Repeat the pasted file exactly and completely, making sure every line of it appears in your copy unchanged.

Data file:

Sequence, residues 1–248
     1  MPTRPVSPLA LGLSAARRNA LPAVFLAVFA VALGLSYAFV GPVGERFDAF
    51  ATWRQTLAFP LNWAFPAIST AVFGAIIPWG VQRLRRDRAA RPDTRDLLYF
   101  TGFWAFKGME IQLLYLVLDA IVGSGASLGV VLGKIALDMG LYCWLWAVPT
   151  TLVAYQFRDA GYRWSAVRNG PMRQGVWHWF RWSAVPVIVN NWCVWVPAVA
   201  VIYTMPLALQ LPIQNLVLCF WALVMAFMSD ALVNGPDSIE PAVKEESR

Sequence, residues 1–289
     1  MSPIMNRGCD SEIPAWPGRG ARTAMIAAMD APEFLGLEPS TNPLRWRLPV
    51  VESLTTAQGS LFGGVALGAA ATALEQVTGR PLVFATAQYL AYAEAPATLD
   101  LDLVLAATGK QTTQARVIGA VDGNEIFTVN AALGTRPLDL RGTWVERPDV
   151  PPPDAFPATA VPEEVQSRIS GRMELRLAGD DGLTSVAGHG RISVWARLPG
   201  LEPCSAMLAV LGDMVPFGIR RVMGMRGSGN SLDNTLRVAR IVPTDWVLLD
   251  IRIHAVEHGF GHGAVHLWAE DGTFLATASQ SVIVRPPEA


Sequence, residues 1–248
     1  MPTRPVSPLA LGLSAARRNA LPAVFLAVFA VALGLSYAFV GPVGERFDAF
    51  ATWRQTLAFP LNWAFPAIST AVFGAIIPWG VQRLRRDRAA RPDTRDLLYF
   101  TGFWAFKGME IQLLYLVLDA IVGSGASLGV VLGKIALDMG LYCWLWAVPT
   151  TLVAYQFRDA GYRWSAVRNG PMRQGVWHWF RWSAVPVIVN NWCVWVPAVA
   201  VIYTMPLALQ LPIQNLVLCF WALVMAFMSD ALVNGPDSIE PAVKEESR

Sequence, residues 1–289
     1  MSPIMNRGCD SEIPAWPGRG ARTAMIAAMD APEFLGLEPS TNPLRWRLPV
    51  VESLTTAQGS LFGGVALGAA ATALEQVTGR PLVFATAQYL AYAEAPATLD
   101  LDLVLAATGK QTTQARVIGA VDGNEIFTVN AALGTRPLDL RGTWVERPDV
   151  PPPDAFPATA VPEEVQSRIS GRMELRLAGD DGLTSVAGHG RISVWARLPG
   201  LEPCSAMLAV LGDMVPFGIR RVMGMRGSGN SLDNTLRVAR IVPTDWVLLD
   251  IRIHAVEHGF GHGAVHLWAE DGTFLATASQ SVIVRPPEA